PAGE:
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In nearly every project I have ever worked on I have needed a database. Most require a large robust database that can be backed up, reported off of and able to have hundreds of connections at a time. In those cases a database like SQL Server, Oracle or MySql fit the bill nicely. However, some projects require an embedded solution. IoT, Apps and sometimes even little web apps really only need something simple and easy to implement. Initially I started using SQL Server Compact for this but it became apparent that Microsoft has no plans to continue development on it. Probably because it was competing with SQLite for the same space and SQLite already came built in on all mobile devices. So then I tried SQLite, at first it was a pain because it was not supported by Entity Framework, which is my prefered ORM. Then when Entity Framework Core was released I implemented it into a project only to find that some of its’ dependencies could not be used with installer projects or I had to do extra work in the installers to make it functional. And even worse was when I updated some of the dependancies and the project would no longer build.

So I bravely (foolishly) decided to create my own database from scratch. I spent weeks reeding all the best practices I could find. I Read all the documentation on all the major relational databases trying to find out how and why they implemented pieces the way they did. And after all that research I decided on these requirements.
  • It has to be able to run anywhere. For this reason I decided to develop it in .net Standard.
  • It had to be ACID. (You can look that one up if you don’t know what it means.)
  • It had to have a NoSql interface.
  • It had to be as easy to use as Entity Framework.
  • The data and the logs had to exist in one file.
  • It would need to support indexing on multiple columns.
  • It would need to support BLOBs.
  • It had to be thread safe.
Six months of nights and weekends later I had a working database. I have created hundreds of unit tests to validate each little piece of the program. Then there are hundreds more integration tests. And finally several project I have used as dog food tests to make sure everything worked as expected.

This was a very long and difficult process and looking back I think I was crazy for attempting it. But now that it is done I want to make it available to anyone looking for a good embedded database.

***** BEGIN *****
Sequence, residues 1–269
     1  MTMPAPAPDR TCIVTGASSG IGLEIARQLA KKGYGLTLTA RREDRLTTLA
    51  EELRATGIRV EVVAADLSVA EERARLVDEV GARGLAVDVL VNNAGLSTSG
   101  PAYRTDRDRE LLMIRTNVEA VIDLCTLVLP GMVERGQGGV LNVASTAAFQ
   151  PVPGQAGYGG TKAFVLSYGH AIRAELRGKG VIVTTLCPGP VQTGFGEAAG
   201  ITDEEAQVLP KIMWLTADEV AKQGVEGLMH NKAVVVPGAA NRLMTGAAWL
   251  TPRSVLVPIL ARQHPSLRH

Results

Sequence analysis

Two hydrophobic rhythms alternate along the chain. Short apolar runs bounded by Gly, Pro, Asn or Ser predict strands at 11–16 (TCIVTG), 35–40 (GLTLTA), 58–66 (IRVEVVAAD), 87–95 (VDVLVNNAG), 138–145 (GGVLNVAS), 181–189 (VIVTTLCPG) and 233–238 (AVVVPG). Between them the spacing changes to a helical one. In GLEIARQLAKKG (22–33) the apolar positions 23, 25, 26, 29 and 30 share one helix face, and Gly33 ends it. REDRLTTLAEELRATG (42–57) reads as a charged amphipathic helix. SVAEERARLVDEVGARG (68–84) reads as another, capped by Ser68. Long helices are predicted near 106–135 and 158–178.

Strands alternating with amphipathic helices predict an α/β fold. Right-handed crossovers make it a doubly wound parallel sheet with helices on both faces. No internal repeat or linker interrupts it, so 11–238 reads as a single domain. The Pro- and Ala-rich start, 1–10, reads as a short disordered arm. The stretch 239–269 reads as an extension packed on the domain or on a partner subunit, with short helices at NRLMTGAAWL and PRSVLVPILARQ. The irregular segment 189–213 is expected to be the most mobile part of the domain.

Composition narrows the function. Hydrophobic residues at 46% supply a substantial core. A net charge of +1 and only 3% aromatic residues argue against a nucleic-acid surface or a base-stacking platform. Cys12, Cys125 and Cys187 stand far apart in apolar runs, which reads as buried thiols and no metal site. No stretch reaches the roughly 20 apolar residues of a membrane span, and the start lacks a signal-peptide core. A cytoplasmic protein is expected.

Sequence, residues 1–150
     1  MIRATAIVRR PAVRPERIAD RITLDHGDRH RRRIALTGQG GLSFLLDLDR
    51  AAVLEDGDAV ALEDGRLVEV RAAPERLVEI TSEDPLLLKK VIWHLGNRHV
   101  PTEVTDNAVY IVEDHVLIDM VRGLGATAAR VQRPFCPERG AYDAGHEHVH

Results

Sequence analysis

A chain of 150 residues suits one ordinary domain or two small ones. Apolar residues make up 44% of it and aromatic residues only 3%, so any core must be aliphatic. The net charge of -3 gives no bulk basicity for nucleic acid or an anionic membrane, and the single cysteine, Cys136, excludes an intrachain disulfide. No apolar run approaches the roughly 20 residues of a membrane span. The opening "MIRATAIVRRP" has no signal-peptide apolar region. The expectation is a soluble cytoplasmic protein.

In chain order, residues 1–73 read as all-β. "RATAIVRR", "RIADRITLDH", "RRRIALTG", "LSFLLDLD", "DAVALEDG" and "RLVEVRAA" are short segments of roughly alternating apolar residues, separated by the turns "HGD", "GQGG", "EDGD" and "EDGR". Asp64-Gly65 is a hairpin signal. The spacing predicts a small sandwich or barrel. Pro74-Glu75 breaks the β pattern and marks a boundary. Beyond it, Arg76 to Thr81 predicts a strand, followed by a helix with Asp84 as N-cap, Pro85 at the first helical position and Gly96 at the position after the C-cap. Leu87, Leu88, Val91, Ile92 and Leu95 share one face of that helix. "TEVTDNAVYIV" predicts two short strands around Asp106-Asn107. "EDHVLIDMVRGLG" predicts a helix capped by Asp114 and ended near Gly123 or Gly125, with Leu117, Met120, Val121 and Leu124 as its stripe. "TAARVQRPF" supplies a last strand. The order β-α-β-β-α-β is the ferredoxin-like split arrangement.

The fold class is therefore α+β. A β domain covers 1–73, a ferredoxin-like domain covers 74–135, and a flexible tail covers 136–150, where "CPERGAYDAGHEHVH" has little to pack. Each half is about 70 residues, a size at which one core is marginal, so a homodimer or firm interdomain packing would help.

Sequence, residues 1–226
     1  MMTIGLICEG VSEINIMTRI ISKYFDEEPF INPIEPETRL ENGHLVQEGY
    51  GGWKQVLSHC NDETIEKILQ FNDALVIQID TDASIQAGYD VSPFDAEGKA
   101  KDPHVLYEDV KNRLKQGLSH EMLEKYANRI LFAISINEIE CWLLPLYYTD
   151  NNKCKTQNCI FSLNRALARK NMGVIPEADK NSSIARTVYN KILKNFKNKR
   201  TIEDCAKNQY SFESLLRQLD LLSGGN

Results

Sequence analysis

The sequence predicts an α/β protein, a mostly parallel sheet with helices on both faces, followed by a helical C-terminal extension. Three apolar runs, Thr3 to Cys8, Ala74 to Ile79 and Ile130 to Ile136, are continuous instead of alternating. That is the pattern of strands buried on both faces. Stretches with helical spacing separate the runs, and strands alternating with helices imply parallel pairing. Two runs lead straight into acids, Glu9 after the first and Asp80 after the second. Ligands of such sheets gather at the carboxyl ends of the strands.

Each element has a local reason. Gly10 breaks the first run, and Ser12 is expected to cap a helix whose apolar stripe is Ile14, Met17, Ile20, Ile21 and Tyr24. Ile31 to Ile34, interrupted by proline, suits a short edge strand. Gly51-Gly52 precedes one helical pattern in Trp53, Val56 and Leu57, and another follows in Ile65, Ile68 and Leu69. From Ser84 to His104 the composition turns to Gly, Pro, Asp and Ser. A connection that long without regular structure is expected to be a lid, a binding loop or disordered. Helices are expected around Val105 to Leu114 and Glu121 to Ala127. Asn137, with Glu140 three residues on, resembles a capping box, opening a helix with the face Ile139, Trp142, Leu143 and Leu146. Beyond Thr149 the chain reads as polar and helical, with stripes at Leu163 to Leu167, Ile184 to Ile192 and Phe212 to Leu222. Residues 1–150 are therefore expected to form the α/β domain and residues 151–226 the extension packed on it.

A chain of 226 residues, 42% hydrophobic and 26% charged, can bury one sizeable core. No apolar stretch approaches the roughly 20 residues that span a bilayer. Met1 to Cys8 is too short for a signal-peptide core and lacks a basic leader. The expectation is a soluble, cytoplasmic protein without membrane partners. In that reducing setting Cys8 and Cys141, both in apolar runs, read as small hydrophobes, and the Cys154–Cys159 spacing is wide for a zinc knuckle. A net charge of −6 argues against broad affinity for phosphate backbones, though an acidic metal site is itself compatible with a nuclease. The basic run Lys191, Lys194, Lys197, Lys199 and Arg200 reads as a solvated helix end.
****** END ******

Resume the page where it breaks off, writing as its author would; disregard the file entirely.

Instructions and Examples

Q & A

Why did you build a relational database instead of a more modern database like MongoDb?
It actually started out as a Graph Database. But during my research phase I realized that a Graph and Document databases were overkill for the smaller projects I was designing this for. While they did adapt better to schema changes, they required more processing power and created larger files. I may add the option to use a Document Db in the future, which is why I put all of the relation database code in its' own namespace
Why not just use SQLite?
My experience with SQLite and Entity Framework was not the best. Especially when it came time to create installers for my apps.
Will this work with Blazor?
If you mean can it be compiled with a Blazor app and deployed to Web Assembly? I think that it can. Since it is written in .net Standard it should be supported. I would like to see a project that could make use of it like that.
Is it as fast as SQLite?
I have not done any benchmarks but I doubt it. SQLite was not written in managed code which should make it both faster and more efficient, and they have had dozens of people working on it for a long time. But unless you're planning on adding hundreds of thousands of records you probably won't notice any speed differences. The main advantages of Database.NET vs SQLite is it's ease of use and deployability. There are also some technologies coming to future versions of .net standard that will allow me to optimize the code but it will not likely catch SQLite. But, again you probably won't notice until you have hundreds of thousands of records.